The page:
He sighed and glanced out the room at the dancers. Without looking at her he said, “A private plane reported seeing some debris near the Walker Citadel yesterday.”

“And you’re telling me now?” Lucie’s asked.

“No, they just informed me less than an hour ago. They didn’t report it yesterday. More like they were inquiring about something else then mentioned the debris in passing. I know that other hunters are out and debris does not necessarily mean anything…bad. I just thought I’d check with you on Elijah.”

Lucie was silent, not sure what to say, what to feel. That gyrfalcon yesterday…

“Lucie, it’s just that they reported the entire ice shelf sloughed from the cliffs. Damn, but I’ve never heard of that happening before,” said Brindeau.

“Me neither. When can you go,” Lucie asked.

“At first light. We’ll take skidoos, cover more ground, faster,” he answered.

“All right. Then I wait. I pray, and wait.” Lucie barely noticed when Mountie Brindeau excused himself, and left the community hall.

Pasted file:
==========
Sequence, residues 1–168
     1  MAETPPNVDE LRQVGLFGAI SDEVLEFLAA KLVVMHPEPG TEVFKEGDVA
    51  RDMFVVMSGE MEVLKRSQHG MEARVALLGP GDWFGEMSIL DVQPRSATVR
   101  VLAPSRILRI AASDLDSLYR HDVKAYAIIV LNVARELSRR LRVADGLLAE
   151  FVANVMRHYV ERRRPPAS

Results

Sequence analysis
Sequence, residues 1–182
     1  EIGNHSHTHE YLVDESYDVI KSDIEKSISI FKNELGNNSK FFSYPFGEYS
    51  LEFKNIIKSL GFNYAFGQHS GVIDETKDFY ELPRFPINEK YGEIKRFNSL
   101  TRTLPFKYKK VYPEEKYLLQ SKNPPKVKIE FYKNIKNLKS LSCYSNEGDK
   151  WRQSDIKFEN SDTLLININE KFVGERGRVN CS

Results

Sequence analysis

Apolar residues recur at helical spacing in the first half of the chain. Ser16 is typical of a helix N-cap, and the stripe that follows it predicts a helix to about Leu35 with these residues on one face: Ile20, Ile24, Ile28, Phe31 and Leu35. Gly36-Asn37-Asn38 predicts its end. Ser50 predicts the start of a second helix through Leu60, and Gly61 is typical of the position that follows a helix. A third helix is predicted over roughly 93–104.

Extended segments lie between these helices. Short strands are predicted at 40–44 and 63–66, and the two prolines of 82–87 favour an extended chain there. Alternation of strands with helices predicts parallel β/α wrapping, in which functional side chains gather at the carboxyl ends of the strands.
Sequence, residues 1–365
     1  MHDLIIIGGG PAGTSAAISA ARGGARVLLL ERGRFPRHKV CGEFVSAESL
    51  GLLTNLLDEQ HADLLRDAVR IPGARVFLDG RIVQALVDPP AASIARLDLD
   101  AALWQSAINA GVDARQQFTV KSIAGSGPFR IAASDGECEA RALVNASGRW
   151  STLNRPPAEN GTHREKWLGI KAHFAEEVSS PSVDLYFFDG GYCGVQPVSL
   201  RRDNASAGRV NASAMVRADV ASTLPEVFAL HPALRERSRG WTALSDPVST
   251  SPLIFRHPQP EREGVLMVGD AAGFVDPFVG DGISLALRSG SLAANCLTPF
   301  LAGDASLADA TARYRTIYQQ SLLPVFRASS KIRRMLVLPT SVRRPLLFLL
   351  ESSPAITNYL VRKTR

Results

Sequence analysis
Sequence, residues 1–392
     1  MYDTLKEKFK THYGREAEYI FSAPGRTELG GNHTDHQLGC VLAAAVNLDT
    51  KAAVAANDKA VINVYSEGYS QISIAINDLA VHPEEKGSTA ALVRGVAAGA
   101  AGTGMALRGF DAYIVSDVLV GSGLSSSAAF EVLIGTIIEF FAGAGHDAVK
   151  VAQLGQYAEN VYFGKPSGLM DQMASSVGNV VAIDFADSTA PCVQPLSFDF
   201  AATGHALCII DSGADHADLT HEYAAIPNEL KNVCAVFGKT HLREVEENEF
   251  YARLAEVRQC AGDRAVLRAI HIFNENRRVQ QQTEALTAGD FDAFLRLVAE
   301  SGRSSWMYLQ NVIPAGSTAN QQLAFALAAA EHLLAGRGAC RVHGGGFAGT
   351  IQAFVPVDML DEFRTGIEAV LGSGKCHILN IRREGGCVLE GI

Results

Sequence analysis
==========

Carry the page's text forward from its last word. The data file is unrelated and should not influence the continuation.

Lucie stood in the backroom alone until Tobie ducked his head in and said, “Hey, Maki, you okay?”

She realized that tears had wet her face. She wiped both cheeks with her hands and smiled. “Yes, I’m okay. Happy thoughts, right?”

“That’s right,” Tobie said, “Happy thoughts.”

With a deep breath, Lucie walked back out to the dancers. Several adults and some of the older kids were watching her with open curiosity. But it was an elder, one at least 20-years her senior, Annie, who walked up to her and held Lucie’s had without saying anything.

After the dancing, Tobie reminded the kids that suicide was not the way. “You are loved. There are people who would miss you. Your community would miss you. Dance, jump and fill your mind with happy thoughts.”

Elisapee followed Tobie to speak messages, but kept looking at Lucie with a worried look. Finally, she stopped and turned to Lucie directly. “To the woman who taught me her favorite throat song. I love you, Lucie. Don’t be sad.”

Lucie smiled even though her tears started to flow again. Yes, she could wrap her arms around these children forever, until the goddess returned from the sea, until Elijah came home. Everyone was looking at her, some were mumbling, a few looked close to tears even though they did not yet know the source of her sadness. They all knew she was sad. “Elijah has not come home yet from the hunt. And Mountie Brindeau learned of debris floating where ice broke off from the great black wall.”

Murmurs like a rising wind rose from the people. A few placed their hands over their mouths. More tears flowed. Annie spoke, “When the ice disappears, so will we.” A few nodded, mostly adults.

Elisapee shook her head at Annie’s words. “No,” she said, “We think happy thoughts while we wait with Lucie.”